Blacksmith person who creates wrought iron or steel products by forging, hammering, bending, and cutting

A blacksmith is a metalsmith who creates objects from wrought iron or steel by forging the metal, using tools to hammer, bend, and cut. Blacksmiths produce objects such as gates, grilles, railings, light fixtures, furniture, sculpture, tools, agricultural implements, decorative and religious items, cooking utensils and weapons.

Morris Ketchum was an American banker and financier of the 19th century. In 1832 he partnered with Thomas Rogers and Jasper Grosvenor to form the manufacturing firm of Rogers, Ketchum and Grosvenor; this firm eventually grew into Rogers Locomotive Works, the second most popular steam locomotive manufacturing company in North America.

In 1837 Rogers built his first locomotive, Sandusky , which became the first locomotive to operate in Ohio.

Sandusky (locomotive) early American steam locomotive

Sandusky was the name of a steam railroad locomotive, a 4-2-0, built in the United States. This locomotive included engineering features that hadn't been used before in locomotive construction and it played an integral role in the railroad history of Ohio.

Ohio State of the United States of America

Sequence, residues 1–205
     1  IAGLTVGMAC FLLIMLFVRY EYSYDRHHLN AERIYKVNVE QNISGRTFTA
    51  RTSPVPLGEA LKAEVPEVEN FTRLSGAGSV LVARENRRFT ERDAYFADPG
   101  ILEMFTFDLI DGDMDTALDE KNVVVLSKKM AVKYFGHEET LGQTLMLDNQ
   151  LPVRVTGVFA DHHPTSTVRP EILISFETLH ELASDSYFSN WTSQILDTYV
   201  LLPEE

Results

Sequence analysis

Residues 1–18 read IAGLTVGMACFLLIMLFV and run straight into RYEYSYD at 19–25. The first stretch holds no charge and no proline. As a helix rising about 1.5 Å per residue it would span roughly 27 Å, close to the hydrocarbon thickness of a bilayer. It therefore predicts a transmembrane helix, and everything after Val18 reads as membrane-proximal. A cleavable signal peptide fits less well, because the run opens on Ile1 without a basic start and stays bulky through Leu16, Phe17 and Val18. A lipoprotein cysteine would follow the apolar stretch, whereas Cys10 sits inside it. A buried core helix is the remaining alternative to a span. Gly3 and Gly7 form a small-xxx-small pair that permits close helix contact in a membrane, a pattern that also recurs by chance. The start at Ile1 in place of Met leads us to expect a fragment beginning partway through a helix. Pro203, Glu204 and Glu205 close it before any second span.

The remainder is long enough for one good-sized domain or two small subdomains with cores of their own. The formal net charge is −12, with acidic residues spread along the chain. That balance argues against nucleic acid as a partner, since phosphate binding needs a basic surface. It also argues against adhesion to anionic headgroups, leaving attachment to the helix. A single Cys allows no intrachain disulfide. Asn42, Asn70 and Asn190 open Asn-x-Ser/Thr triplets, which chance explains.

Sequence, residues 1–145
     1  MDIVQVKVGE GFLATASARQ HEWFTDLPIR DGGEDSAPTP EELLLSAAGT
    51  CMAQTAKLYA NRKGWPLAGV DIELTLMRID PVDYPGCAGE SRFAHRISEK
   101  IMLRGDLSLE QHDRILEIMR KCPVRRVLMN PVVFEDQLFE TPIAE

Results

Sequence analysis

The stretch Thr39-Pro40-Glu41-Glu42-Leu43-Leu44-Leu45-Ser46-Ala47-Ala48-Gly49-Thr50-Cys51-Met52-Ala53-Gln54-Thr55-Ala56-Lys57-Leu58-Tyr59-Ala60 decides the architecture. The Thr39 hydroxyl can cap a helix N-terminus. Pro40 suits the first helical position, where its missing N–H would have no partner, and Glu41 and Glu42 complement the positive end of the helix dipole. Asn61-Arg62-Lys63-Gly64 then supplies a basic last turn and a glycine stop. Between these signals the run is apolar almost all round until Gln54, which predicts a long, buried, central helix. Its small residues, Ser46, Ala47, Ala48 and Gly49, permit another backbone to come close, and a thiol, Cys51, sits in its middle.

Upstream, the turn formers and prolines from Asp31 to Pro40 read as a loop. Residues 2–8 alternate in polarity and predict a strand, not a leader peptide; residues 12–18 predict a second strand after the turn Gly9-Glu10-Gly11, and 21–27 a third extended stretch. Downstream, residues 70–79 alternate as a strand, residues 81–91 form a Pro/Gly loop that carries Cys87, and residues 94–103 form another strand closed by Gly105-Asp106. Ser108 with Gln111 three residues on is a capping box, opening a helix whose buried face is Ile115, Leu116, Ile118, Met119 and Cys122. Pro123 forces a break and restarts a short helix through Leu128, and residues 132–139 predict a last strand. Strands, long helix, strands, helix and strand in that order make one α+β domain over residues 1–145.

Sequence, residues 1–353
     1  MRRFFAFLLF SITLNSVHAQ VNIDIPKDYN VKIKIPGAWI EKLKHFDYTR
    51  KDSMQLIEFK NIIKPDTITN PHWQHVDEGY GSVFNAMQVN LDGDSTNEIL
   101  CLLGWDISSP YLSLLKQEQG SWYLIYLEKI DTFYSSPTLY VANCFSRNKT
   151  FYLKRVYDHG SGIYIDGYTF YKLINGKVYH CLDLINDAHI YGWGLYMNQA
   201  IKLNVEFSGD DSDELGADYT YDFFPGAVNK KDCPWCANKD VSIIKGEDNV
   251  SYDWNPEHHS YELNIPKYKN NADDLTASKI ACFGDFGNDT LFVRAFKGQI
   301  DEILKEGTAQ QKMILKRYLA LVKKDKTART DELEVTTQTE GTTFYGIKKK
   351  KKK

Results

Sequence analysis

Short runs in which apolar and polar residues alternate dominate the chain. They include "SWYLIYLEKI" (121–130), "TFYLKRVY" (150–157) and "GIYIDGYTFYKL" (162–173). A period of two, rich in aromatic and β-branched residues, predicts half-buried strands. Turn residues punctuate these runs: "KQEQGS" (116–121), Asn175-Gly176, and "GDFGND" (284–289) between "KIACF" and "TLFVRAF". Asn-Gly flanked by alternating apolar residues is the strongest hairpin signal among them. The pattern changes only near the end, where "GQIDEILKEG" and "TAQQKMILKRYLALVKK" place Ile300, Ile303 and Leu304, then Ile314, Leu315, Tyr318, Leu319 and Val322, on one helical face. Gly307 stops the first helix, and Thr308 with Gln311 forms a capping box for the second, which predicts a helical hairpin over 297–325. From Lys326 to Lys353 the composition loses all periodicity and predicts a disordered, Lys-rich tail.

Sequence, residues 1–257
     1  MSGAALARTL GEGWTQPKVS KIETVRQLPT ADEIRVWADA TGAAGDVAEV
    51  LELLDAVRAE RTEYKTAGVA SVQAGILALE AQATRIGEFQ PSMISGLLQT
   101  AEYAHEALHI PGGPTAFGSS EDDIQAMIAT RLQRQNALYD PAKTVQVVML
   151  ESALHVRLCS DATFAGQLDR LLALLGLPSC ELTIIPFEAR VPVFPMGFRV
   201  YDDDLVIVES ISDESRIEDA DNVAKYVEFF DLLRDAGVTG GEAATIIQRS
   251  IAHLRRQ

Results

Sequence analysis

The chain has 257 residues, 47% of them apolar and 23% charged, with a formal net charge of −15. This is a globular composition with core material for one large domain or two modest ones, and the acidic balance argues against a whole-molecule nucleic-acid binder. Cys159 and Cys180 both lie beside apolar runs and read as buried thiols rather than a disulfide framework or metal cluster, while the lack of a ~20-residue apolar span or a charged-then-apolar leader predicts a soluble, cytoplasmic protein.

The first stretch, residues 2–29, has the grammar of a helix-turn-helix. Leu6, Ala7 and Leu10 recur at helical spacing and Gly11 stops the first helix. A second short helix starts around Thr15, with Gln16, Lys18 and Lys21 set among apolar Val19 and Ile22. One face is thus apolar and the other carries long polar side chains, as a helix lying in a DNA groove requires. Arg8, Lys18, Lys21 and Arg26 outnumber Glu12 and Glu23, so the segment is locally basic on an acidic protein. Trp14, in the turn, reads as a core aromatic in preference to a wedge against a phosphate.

Ohio is a Midwestern state in the Great Lakes region of the United States. Of the fifty states, it is the 34th largest by area, the seventh most populous, and the tenth most densely populated. The state's capital and largest city is Columbus.

See also

Related Research Articles

<i>The General</i> (locomotive) preserved American 4-4-0 locomotive

Western & Atlantic Railroad #3 General is a 4-4-0 "American" type steam locomotive built in 1855 by the Rogers, Ketchum & Grosvenor in Paterson, New Jersey for the Western & Atlantic Railroad, best known as the engine stolen by Union spies in the Great Locomotive Chase, an attempt to cripple the Confederate rail network during the American Civil War. Today, the locomotive is preserved at the Southern Museum of Civil War and Locomotive History in Kennesaw, Georgia, and is listed on the National Register of Historic Places.

Jasper Grosvenor (1794–1857) was an American financier of the early to mid 19th century. In 1832 he partnered with Thomas Rogers and Morris Ketchum to form the manufacturing firm Rogers, Ketchum and Grosvenor which became the second most popular steam locomotive manufacturing company in North America in the 19th century. He remained a partner in the business until his death in 1857.

Jacob S. Rogers was an American businessman.

William Swinburne (1805–1883) was a pioneering builder of steam locomotives in the United States.